Wearing A Mask With Face And Ear Psoriasis
We are now nearly a year into the COVID-19 pandemic, and one thing is certain: Masks continue to be our most powerful tool to stop the spread of coronavirus, along with washing our hands and social distancing.1,2
Even after people get vaccinated, masks will still be part of our daily routine when we are near people who are not members of our household.
How masks can affect these sensitive areas
While many people have gotten used to wearing masks, people with plaque psoriasis – especially those with ear and face psoriasis – have a unique challenge. That is because masks can rub against sensitive areas and cause irritation or flare-ups of psoriasis symptoms.1,2
Members of our community have shared stories about finding masks that fit well, as well as helpful tips to reduce irritation. In this article, we explain how masks can affect sensitive areas, and what you can do about it.
How can masks trigger psoriasis symptoms?
Wearing a mask can irritate these sensitive areas:2
- The skin between the nose and the upper lip
- The skin around and behind the ear
- On or inside the mouth and nose
These are all considered delicate or sensitive areas. That is because the skin in these places is thinner. It also tends to fold or rub against itself.2
It is easy to see how masks can trigger psoriasis symptoms in these areas. They can rub against an area, or trap moisture or dirt. And if the mask material is rough or harsh, it can make these symptoms even worse.2
If you ever have psoriasis symptoms inside your mouth, ears, or nose, call your doctor. The skin cells that build up can make it hard to eat or hear. A doctor will need to take care of it to prevent further damage.3
Find a mask that works for you
There are now many different types of masks available. The most common design loops behind the ears. However, this design may not work for people with psoriasis.
A case study from December 2020 showed that using a mask with ear loops caused a flare-up of plaque psoriasis that had been in remission. This person was given topical corticosteroids and was told to stop using face masks that loop behind the ears.3
The doctor who treated this person thinks that the flare-up happened because the mask did not fit properly. Masks that do not fit well can rub and itch. Scratching these itches can irritate the skin even more. The doctor recommended using masks that tie around the head or using an extender or band that wraps around the back of the head and pulls the ear loops away from the ears.3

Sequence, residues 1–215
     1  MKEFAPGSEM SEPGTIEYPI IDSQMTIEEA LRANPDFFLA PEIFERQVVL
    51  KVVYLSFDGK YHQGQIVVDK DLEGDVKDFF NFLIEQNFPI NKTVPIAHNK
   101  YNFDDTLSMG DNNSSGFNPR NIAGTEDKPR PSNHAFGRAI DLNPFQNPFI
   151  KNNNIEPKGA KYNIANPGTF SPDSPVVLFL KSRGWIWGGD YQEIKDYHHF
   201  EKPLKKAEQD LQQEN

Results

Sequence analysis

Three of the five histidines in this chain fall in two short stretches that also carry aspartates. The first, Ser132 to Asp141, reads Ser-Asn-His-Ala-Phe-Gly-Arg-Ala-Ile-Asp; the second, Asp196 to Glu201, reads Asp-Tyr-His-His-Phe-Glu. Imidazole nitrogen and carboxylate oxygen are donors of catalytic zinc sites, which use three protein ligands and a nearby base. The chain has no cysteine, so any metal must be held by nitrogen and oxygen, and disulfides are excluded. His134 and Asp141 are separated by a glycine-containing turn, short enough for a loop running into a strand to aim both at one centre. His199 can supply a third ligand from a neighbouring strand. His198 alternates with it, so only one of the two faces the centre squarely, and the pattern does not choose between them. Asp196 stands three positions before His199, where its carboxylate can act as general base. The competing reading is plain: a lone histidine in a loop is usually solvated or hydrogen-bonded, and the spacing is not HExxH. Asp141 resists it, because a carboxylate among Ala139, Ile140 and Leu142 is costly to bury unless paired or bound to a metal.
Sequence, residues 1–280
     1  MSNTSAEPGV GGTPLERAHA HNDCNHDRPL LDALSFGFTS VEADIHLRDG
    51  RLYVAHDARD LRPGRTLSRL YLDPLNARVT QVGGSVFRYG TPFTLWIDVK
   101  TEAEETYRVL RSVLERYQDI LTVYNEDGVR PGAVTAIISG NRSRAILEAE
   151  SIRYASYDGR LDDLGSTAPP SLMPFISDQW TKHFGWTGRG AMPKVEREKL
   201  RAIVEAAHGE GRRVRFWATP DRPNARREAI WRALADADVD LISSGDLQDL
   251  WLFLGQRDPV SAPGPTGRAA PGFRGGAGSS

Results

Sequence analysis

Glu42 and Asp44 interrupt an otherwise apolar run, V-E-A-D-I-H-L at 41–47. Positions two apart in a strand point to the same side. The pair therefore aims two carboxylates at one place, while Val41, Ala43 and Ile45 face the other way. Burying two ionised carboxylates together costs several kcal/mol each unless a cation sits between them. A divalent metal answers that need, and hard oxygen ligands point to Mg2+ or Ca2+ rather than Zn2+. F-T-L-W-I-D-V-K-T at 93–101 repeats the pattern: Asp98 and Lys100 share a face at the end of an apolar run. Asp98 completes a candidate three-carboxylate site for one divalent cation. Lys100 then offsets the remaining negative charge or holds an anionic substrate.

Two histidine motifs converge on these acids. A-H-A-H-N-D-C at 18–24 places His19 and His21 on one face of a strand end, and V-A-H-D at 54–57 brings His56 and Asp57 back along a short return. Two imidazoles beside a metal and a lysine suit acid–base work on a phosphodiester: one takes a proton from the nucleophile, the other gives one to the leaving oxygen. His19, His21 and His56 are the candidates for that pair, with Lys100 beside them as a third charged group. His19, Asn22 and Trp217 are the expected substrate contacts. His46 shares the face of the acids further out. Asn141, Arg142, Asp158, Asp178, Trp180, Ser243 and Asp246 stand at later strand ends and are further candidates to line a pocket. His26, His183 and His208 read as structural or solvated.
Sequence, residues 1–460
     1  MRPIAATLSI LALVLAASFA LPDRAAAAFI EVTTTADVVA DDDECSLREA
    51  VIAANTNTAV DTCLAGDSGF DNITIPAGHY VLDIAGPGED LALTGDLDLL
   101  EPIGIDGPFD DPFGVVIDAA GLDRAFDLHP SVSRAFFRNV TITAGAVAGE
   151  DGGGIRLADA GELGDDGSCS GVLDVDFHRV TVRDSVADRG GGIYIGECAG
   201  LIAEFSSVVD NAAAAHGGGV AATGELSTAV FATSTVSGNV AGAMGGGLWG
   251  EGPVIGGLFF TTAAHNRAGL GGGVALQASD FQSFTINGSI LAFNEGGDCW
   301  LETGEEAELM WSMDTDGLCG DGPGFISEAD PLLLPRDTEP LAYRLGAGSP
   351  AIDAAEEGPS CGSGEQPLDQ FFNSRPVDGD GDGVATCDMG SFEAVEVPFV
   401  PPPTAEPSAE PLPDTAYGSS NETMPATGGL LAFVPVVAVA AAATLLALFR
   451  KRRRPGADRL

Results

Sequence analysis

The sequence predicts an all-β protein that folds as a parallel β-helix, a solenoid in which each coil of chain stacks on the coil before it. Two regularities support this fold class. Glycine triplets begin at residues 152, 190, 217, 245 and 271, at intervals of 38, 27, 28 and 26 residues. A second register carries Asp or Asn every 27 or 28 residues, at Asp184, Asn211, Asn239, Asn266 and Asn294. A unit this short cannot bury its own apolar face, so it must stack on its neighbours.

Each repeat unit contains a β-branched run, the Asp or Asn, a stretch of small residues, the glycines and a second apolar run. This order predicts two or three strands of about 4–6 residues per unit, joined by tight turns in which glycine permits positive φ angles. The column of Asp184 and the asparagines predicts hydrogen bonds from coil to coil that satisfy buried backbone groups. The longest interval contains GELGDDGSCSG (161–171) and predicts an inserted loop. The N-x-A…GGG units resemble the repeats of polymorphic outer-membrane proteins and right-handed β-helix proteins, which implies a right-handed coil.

When you find the type of mask that works for you, be sure to buy a few and keep them clean and dry. When you go out, carry a back-up mask if the mask you are wearing gets wet or dirty.1
If you have a flare-up, call your doctor
If you do get a psoriasis flare-up on your face or ears, talk to your doctor or dermatologist. Flare-ups in sensitive areas may need special treatment.2
Your doctor might recommend using an over-the-counter medicine, such as an emollient or moisturizer to help keep the skin comfortable. Vitamin D creams or ointments can also be used. A low-strength topical steroid may also work, but listen closely to your doctor’s instructions. If you suddenly stop using a topical steroid, your psoriasis might flare up again.2
When using medicine, less is more
Be very careful when applying medicines to these delicate areas. They can be more sensitive to treatment because the skin is thinner. This means it absorbs more of the medicine, which could mean more side effects. Side effects of psoriasis drugs can make this skin even more thin or delicate and cause more irritation.2
Also, do not wear makeup on the area until it has healed. Make-up can keep your treatments from working as well as they could.2
Take mask breaks, but do it safely
The National Psoriasis Foundation understands that you may need to take off your mask a few times a day to give your skin a break. If you do that, be sure to protect yourself and others by doing it when you are alone or only with your household “bubble.” If you are outside, be sure to stay at least 6 feet from other people.1
Do you anxiously anticipate a psoriasis relapse?